Advancing a Free Society

A Criminal-Law Crisis

Tuesday, December 14, 2010

The incoming House majority has promised to change the way that business is done in Washington — to look out for the average American and for small business. It faces one of its first opportunities to do so this month, when the new members select the proposed rules that will govern the House. If the House wants to show that it is not going to perpetuate business as usual in Washington, a good first step would be to adopt a rule requiring every bill that proposes or modifies a federal crime to be referred to the House Judiciary Committee before heading to the floor. This simple, common-sense change would help to curtail the current crisis in federal criminal law — a crisis resulting from the enactment of hundreds of duplicative and, too often, unconstitutional criminal laws that trap average Americans and hurt small businesses.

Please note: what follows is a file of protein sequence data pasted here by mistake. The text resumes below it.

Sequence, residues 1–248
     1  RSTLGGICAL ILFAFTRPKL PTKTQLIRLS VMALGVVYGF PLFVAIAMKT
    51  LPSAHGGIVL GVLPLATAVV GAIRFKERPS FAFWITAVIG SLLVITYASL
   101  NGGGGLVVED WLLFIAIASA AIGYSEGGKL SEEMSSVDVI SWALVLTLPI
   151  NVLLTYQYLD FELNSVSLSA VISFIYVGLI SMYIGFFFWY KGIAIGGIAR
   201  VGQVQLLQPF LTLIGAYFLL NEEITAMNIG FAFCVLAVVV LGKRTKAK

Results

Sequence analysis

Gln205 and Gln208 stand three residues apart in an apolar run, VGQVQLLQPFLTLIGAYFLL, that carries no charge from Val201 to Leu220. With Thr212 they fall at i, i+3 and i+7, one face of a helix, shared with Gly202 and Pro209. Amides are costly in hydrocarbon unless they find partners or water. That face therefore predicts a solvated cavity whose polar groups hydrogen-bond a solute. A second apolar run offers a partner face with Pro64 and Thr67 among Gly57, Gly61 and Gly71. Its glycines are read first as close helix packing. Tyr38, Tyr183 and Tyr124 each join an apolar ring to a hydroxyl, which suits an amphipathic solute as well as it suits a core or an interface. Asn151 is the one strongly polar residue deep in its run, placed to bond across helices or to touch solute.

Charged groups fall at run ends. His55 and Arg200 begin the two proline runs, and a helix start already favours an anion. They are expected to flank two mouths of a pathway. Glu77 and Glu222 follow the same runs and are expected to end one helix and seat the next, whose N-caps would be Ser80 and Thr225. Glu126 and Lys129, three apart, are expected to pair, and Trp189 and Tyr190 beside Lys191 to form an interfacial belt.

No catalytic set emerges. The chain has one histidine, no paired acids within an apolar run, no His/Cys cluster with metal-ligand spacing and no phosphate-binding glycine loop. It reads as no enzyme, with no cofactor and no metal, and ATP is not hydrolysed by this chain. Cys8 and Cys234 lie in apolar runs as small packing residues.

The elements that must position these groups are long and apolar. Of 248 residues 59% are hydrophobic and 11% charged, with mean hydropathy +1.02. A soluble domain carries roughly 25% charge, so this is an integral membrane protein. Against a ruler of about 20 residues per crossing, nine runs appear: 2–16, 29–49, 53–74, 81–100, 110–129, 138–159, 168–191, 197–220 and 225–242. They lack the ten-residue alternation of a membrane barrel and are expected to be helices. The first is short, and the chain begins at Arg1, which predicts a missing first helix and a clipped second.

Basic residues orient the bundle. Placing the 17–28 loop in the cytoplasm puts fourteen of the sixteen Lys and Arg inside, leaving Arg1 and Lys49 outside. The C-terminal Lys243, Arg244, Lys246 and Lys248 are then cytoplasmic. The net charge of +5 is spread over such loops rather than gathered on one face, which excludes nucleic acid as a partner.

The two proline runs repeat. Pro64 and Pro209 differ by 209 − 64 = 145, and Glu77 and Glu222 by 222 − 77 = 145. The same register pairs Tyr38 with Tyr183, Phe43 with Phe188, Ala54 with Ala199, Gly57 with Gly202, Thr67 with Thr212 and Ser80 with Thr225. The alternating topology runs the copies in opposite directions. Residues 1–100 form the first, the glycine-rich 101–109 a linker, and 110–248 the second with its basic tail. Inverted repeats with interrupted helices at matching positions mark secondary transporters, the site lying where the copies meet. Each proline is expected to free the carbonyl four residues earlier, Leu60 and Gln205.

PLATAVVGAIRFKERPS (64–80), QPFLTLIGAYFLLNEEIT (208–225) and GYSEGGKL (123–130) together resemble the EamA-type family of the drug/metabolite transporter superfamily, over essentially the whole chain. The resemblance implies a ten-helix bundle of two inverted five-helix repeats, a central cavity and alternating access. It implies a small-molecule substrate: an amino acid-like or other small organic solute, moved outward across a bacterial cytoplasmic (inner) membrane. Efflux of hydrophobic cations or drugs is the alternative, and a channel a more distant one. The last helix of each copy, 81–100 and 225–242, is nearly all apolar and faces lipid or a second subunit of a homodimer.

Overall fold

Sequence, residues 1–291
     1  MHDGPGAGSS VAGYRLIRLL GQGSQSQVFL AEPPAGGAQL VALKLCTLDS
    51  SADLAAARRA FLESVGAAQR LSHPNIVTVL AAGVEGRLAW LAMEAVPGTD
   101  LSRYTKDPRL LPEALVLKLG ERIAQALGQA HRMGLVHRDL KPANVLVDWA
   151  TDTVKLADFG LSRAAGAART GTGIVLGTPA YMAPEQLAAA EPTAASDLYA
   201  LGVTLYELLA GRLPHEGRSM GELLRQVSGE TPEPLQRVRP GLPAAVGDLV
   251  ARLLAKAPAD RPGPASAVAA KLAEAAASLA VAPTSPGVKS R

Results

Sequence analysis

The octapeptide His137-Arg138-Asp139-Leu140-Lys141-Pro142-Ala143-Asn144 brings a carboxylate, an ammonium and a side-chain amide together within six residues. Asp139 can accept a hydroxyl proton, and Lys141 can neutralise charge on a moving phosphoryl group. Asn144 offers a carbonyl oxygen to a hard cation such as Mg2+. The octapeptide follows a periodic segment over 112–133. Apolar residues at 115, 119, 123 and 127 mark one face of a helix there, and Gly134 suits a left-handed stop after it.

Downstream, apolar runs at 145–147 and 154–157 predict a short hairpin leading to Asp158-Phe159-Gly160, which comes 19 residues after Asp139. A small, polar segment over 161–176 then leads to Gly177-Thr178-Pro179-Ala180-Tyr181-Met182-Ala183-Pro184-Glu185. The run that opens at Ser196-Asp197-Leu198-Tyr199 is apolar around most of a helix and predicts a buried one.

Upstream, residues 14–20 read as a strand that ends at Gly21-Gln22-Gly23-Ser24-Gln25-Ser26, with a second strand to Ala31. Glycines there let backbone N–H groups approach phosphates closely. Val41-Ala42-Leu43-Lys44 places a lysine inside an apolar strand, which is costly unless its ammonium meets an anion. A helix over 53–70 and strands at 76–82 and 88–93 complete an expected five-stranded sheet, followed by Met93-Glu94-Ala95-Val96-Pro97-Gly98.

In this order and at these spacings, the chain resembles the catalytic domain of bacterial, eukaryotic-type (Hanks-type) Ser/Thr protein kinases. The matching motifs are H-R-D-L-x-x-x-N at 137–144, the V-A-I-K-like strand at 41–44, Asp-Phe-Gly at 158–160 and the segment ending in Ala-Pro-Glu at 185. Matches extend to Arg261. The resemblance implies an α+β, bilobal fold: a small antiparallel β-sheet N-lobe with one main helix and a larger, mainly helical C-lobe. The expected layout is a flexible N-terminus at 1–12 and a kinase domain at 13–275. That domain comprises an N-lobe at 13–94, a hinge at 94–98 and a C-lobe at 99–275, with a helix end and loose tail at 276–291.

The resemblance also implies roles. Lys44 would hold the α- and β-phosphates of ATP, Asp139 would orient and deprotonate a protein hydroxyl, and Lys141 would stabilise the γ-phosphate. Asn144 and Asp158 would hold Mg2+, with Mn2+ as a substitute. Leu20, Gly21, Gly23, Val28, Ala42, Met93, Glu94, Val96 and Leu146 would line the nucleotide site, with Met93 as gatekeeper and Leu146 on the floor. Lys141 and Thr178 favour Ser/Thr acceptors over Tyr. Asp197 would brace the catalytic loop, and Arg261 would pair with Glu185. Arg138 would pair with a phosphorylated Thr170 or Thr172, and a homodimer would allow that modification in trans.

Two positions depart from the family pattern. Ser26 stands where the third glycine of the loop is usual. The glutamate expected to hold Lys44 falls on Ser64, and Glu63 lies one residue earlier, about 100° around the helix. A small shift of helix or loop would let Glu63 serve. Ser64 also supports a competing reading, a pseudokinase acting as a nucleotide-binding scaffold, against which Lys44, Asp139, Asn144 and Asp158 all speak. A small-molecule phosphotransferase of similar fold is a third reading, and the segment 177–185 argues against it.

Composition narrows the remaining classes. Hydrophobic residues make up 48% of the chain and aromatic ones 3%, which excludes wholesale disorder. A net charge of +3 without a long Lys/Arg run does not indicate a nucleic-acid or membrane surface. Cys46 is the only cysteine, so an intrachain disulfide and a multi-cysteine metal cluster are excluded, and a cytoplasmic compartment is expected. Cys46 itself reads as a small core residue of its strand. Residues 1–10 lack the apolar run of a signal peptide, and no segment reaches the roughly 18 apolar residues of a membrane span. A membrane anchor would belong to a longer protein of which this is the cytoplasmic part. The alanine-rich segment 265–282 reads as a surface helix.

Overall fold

It would be reasonable to think that all criminal-law proposals already receive judiciary-committee oversight. But in fact, criminal-law proposals are often introduced in the House, reported to the full body for consideration on the floor, and passed with little or no judiciary-committee oversight.

Continue reading Ed Meese at National Review Online’s The Corner